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Simon Carmiggelt (1913 - 1987) Dutch author

Simon Johannes Carmiggelt, born October 7, 1913 in The Hague, is one of Holland's best known authors. Directly after World War II the Amsterdam newspaper Het Parool published his daily column called 'Kronkels' (Dutch for twists, particularly those of the mind in this case) for years. These stories made him popular among a huge audience and were later on collected in bestselling volumes like Kroeglopen.

In his sober, short stories, Carmiggelt showed a deep compassion for human weaknesses and vulnerability. His style is characterized by a profound use of understatement. He's a brilliant depictor of daily life scenery with a keen eye for the ordinary things that make life special. Carmiggelt received several important Dutch literary prizes, including the Constantijn Huygens Prize (1961) and the PC Hooft Prize (1974).

Young Simon Carmiggelt was not a good student at all, standing in the shadow of his brother Jan, who performed extremely well at school. He started writing short poems at the age of ten. The adventures of Sherlock Holmes and Nick Carter inspired Simon to write a story (Het Geheim van Waringstate - The Secret of Waringstate), which was read to his classmates by his teacher. He would later remember this as "a frightening experience".

Around the age of 14, he became an editor for a schoolpaper that covered multiple educational institutions in The Hague. His style resembled that of influential Low Countries author of the time Herman Heijermans. Dropping out of high school, Carmiggelt decided to become a journalist. In 1932, he was appointed the youngest reporter of social democratic daily newspaper Het Volk.

After a while Carmiggelt got to write little columns under the title Kleinigheden (Trifles), gathered in a book called Vijftig dwaasheden (Fifty follies) in 1940. Soon after, the nazi's took over Het Volk and Carmiggelt left the paper. Brother Jan died in a German internment camp in 1943, which would have a great impact on Simon, who moved to Amsterdam with his wife and children in 1944. He would live in the Dutch capital for the rest of his life.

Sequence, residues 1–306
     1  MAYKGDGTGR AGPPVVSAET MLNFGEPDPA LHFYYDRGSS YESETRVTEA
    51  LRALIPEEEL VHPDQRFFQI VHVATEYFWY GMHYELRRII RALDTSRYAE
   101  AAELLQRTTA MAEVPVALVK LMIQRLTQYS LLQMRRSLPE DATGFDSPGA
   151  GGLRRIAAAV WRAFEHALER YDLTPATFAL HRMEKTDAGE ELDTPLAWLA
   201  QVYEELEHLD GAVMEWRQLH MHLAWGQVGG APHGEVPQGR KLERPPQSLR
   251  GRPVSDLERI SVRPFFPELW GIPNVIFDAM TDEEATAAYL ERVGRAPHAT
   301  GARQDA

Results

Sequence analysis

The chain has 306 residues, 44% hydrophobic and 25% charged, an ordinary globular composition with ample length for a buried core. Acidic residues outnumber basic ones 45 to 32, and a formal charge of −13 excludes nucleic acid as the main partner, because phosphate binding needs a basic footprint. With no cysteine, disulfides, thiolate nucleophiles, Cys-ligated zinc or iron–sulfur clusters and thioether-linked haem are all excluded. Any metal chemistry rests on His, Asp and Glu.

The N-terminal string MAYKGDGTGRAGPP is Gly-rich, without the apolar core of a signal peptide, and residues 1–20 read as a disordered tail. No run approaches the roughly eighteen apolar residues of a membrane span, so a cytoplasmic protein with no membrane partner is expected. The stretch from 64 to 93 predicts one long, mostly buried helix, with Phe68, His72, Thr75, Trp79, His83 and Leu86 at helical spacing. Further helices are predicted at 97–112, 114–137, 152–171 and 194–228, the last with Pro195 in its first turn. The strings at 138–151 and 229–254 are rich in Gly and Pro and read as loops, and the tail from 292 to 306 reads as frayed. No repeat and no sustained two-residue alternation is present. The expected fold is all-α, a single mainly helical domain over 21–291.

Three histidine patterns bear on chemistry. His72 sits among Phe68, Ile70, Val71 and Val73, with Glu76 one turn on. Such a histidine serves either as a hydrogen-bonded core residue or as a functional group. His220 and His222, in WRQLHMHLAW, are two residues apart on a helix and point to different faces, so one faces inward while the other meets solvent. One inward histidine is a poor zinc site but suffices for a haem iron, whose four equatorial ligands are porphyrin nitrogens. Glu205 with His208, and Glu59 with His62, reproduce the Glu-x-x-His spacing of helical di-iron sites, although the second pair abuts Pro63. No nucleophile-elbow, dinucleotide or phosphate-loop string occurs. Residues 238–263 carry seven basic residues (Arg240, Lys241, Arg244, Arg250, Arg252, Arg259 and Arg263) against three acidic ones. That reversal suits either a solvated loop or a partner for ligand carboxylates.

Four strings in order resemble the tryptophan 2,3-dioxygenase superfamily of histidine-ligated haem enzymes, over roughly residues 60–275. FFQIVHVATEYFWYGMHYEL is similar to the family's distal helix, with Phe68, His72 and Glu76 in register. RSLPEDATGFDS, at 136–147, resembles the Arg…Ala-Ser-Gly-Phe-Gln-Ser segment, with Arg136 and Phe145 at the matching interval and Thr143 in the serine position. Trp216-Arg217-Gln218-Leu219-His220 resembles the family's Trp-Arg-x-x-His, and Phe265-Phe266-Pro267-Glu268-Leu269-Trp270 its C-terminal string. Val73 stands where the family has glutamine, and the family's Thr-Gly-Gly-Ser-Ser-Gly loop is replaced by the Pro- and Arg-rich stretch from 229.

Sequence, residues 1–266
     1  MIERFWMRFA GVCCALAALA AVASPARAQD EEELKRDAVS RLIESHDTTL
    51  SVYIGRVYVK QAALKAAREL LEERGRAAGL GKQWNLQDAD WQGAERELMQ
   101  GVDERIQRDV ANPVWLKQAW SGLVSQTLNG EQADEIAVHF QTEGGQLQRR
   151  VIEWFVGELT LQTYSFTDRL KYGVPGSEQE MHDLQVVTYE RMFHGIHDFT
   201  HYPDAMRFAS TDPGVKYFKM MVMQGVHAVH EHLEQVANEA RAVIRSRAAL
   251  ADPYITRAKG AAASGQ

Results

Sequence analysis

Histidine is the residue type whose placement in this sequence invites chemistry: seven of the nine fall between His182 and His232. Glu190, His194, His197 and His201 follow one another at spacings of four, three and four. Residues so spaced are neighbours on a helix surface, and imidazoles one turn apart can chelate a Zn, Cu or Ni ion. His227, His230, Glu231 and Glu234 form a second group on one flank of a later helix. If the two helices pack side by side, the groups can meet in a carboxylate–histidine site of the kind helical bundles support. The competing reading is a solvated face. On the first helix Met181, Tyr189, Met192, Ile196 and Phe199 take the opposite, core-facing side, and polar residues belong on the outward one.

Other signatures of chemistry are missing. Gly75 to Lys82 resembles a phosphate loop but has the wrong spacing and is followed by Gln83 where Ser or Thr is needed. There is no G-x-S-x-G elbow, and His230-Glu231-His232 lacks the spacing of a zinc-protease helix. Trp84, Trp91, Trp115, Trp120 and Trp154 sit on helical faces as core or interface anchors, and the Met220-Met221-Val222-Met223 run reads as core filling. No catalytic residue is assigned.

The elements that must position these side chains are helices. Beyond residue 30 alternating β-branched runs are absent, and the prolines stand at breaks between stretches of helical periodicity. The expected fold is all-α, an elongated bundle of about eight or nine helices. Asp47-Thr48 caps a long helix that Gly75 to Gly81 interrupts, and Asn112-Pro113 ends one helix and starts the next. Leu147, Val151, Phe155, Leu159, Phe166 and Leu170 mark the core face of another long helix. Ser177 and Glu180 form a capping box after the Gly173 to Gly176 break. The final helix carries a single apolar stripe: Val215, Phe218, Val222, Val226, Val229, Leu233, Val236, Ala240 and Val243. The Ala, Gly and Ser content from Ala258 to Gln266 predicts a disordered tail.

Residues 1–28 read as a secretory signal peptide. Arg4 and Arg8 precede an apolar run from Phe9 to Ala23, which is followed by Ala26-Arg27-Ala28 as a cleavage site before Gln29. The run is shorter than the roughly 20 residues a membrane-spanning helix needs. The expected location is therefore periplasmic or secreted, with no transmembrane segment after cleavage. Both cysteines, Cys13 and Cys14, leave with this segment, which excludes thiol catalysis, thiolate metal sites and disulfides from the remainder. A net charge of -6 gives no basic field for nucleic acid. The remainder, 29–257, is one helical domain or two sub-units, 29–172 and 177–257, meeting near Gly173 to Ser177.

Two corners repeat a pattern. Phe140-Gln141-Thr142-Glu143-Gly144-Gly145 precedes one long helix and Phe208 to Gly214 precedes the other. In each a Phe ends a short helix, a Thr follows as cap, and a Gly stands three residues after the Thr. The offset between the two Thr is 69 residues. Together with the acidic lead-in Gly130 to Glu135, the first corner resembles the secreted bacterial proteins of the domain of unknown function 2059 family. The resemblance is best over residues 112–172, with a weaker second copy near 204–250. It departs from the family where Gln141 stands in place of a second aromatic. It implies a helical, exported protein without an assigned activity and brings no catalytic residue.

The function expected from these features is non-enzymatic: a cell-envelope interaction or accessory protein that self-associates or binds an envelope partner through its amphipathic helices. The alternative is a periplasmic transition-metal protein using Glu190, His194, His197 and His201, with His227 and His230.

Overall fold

During the war, Carmiggelt worked for underground newspaper Het Parool, which continued legally after the war with Simon as head of the art section. His ironic reviews caused much disturbance in the theatre world. More successful was his compilation Honderd dwaasheden (One hundred follies), that had to be reprinted a couple of times. Because of the popularity, he was asked by Het Parool to write a daily column, using the pseudonym Kronkel. Regularly, books with his short stories were published throughout the years.

His book Poespas about cats earned him his first big prize (awarded by the Jan Campertstichting) in 1952, followed by the prestigious Constantijn Huygens Prize in '61 for his entire oeuvre. His secret relationship with fellow author Renate Rubinstein started in 1977. One day after his 70th birthday, on October 8, 1983, Carmiggelt wrote his last of approximately 8700 Kronkels. He survived a heart attack, but on November 30, 1987, a second one proved to be fatal.

The next year, a statue of Simon Carmiggelt was erected before his house in Amsterdam. His wife Tiny died in 1990; three months later Renate Rubinstein committed suicide. Her book Mijn beter ik (The better me) about her relationship with Carmiggelt, was published in 1991, destroying Carmiggelt's image of the wise and easy-going spectator. Mijn beter ik revealed his unknown ill-tempered side, his growing sarcasm towards mankind and his profound pessimism.

An extensive bibliography of Carmiggelt prose:

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